BOSTON (AP) — As they geared up for their congressional re-election campaigns last year, U.S. Reps. Edward Markey and Stephen Lynch sought out contributions from their friends, neighbors and fellow Massachusetts residents.
But Markey and Lynch, who are vying for the Democratic nomination in the special election for the U.S. Senate, also relied heavily on the deep pockets of political action committees to help fill their campaign coffers.
PACs contributed $434,228 to Markey, or about 47 percent of what the longtime congressman collected during the 2011-2012 election cycle, according to an Associated Press review of campaign finance reports filed with the Federal Election Commission.
While Lynch collected only slightly more from PACs, $464,175, the contributions accounted for a far greater portion of his fundraising total — about 65 percent — in part because Lynch raised less in individual contributions than Markey.
Of the state's current nine-member U.S. House delegation, only Democratic Rep. Richard Neal collected a higher portion of his total contributions from PACs, about 75 percent.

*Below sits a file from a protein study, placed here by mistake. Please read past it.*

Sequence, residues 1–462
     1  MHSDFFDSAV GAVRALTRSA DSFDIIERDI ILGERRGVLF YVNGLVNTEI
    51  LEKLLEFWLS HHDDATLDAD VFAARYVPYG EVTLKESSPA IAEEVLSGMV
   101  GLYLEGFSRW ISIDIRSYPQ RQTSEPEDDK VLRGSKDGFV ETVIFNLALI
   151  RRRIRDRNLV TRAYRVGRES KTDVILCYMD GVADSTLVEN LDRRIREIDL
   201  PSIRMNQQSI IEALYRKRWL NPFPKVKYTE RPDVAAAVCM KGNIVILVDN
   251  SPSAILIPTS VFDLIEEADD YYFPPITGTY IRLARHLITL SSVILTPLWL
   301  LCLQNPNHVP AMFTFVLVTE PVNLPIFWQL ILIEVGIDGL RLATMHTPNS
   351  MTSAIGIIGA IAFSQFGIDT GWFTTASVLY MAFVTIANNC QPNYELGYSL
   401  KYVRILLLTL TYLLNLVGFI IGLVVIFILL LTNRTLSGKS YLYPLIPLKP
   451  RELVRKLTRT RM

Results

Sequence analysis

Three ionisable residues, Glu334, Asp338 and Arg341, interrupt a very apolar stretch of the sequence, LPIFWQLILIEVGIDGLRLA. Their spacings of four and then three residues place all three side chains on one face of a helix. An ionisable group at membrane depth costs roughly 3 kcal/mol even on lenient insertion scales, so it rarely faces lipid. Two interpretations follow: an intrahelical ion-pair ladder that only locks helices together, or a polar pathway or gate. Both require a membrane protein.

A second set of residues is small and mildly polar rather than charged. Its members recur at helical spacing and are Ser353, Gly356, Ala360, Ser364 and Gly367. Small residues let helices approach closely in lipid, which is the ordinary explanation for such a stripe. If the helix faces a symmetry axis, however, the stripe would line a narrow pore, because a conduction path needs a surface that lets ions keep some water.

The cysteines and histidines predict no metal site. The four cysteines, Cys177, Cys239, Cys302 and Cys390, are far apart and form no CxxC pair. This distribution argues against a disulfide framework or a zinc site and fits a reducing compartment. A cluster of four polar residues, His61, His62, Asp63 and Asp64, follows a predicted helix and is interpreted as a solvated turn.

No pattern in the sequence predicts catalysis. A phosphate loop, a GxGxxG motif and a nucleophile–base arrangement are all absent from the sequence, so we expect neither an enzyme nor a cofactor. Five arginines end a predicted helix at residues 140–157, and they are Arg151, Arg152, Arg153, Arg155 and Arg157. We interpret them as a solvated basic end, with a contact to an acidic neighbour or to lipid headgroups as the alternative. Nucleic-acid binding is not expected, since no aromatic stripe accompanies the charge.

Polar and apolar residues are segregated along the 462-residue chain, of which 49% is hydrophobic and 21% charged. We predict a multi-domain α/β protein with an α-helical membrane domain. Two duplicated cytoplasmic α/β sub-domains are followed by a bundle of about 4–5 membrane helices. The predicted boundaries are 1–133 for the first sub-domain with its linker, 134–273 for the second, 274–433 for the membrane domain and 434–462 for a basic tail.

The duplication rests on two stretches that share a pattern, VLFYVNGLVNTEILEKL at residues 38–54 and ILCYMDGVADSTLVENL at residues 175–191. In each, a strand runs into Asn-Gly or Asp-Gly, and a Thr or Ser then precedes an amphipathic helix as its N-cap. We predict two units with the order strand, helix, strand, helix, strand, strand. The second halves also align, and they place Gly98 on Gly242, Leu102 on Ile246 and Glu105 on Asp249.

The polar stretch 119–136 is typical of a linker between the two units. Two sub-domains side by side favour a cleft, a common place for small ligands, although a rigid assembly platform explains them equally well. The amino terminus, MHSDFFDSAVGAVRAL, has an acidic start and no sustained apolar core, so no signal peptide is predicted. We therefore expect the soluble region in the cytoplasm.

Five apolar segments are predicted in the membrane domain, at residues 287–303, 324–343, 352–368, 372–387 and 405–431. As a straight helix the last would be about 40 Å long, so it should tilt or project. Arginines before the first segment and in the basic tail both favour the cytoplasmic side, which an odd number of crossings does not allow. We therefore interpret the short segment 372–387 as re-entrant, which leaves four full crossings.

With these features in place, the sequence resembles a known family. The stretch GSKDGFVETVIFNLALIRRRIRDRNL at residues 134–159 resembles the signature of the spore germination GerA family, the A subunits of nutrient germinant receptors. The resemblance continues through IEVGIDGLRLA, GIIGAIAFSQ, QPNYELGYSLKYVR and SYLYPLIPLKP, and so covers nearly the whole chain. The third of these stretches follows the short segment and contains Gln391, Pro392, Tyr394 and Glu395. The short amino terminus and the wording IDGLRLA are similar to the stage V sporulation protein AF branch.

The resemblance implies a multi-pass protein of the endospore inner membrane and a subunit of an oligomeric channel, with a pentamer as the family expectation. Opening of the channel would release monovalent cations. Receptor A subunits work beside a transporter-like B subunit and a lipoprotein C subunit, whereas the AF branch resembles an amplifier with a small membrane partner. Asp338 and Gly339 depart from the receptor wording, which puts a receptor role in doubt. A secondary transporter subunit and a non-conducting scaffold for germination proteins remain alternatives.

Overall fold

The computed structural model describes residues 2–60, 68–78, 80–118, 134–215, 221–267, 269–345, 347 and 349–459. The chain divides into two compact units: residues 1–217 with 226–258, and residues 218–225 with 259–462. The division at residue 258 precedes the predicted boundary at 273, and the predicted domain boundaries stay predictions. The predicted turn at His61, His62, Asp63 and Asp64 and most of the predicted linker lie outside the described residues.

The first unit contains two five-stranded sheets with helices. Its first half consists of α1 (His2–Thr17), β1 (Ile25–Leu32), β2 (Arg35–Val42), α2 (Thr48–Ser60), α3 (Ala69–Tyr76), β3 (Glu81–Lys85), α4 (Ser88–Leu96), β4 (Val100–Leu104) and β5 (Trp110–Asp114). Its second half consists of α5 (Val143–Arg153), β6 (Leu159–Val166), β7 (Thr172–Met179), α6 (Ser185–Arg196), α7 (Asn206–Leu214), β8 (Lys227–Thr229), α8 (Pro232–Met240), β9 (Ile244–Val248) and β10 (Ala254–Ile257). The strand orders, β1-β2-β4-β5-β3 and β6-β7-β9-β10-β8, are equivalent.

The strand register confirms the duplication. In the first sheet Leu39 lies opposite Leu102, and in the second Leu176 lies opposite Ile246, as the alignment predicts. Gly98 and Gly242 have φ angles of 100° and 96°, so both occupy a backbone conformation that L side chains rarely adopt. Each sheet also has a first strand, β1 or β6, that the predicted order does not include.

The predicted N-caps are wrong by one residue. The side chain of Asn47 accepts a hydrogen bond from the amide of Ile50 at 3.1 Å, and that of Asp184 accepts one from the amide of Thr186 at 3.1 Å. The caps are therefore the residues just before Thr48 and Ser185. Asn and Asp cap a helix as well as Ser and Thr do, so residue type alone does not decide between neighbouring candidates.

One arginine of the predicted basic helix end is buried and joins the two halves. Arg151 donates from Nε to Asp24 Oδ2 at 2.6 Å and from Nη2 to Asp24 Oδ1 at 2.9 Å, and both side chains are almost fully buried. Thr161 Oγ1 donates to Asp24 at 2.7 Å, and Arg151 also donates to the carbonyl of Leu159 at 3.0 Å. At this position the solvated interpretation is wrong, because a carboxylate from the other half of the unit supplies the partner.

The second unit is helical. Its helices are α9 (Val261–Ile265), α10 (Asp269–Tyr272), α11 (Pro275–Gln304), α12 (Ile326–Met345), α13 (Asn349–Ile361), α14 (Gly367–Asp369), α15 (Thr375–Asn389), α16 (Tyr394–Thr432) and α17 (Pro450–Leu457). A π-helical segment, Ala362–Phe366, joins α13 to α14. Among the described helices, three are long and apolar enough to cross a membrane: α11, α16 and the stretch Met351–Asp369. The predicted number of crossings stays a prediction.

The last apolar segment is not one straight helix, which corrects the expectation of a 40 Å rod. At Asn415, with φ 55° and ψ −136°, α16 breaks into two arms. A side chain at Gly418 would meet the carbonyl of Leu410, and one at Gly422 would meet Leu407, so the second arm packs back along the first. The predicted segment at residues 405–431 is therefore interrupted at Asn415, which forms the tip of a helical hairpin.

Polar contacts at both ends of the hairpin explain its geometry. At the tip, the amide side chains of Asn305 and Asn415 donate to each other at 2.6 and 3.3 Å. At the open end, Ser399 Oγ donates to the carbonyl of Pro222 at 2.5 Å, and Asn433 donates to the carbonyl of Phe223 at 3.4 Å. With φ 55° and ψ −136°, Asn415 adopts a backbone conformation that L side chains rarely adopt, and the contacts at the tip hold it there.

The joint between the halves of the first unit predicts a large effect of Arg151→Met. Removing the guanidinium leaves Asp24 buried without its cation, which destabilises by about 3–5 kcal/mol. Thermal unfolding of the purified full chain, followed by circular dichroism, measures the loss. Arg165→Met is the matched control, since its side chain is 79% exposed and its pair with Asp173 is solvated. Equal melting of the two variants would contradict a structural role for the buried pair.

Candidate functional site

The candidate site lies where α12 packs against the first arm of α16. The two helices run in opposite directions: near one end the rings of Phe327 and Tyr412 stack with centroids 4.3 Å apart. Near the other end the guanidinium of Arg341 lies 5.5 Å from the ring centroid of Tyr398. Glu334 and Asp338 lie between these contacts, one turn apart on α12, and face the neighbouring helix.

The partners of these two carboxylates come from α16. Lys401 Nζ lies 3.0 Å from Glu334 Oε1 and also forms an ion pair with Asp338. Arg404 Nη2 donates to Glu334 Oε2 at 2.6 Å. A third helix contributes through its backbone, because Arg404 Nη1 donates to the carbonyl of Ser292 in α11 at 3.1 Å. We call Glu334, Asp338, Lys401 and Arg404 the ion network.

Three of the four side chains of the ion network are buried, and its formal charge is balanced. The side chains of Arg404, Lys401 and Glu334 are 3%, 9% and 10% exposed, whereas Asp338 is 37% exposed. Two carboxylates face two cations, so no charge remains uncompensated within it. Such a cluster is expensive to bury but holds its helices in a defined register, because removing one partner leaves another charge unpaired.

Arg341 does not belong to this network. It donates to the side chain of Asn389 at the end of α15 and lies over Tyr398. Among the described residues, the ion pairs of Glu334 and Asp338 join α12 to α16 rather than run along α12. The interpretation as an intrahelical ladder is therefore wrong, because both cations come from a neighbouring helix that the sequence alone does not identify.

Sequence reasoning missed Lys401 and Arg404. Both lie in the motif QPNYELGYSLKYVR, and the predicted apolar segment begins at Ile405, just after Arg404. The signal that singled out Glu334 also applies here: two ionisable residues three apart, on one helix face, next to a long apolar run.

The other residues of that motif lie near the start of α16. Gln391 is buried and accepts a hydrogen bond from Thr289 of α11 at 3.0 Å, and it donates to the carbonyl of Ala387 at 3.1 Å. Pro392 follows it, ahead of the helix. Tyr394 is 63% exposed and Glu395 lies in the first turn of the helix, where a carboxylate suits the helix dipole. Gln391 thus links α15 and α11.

While Markey and Lynch may have collected a similar amount from PACs, the groups supporting them differ.
Lynch, who was an ironworker for 18 years before entering politics, enjoyed strong backing from unions. A dozen labor-related PACS contributed at least $10,000 each to his campaign account during the cycle.
Among Lynch's top PAC donors were the American Postal Workers Union, the International Longshoremen's Association, the Sheet Metal Workers International, the Utility Workers Union of America, the Machinists Non-Partisan Political League and the Ironworkers Political Action League.
As a member of the Committee on Oversight and Government Reform and the Committee on Financial Services, Lynch also enjoyed the support of financial and insurance industry heavyweights including the John Hancock Financial Services Federal PAC, the Massachusetts Bankers PAC, the Massachusetts Mutual Life Insurance Co. PAC, and the Liberty Mutual Insurance Company PAC.
"Steve Lynch is proud of his strong support from working men and women who contribute through their union PACs," Lynch campaign spokesman Scott Ferson said. "This is one way to compete against big corporate contributions and this will be a big factor in competing in this race."
Markey, a ranking Democratic member of the Communications and Technology Subcommittee that oversees the cable television, wireless and broadcast industries, received strong PAC support from the telecommunications industry.
Among the PACs contributing to Markey's campaign during the past two years were the Time Warner Cable Inc. Federal PAC, the Comcast Corp. PAC, the National Cable And Telecommunications Association, the Sprint Nextel Corporation PAC, the Viacom International Inc. PAC, the National Association of Broadcasters PAC and the Commissioner of Major League Baseball PAC.
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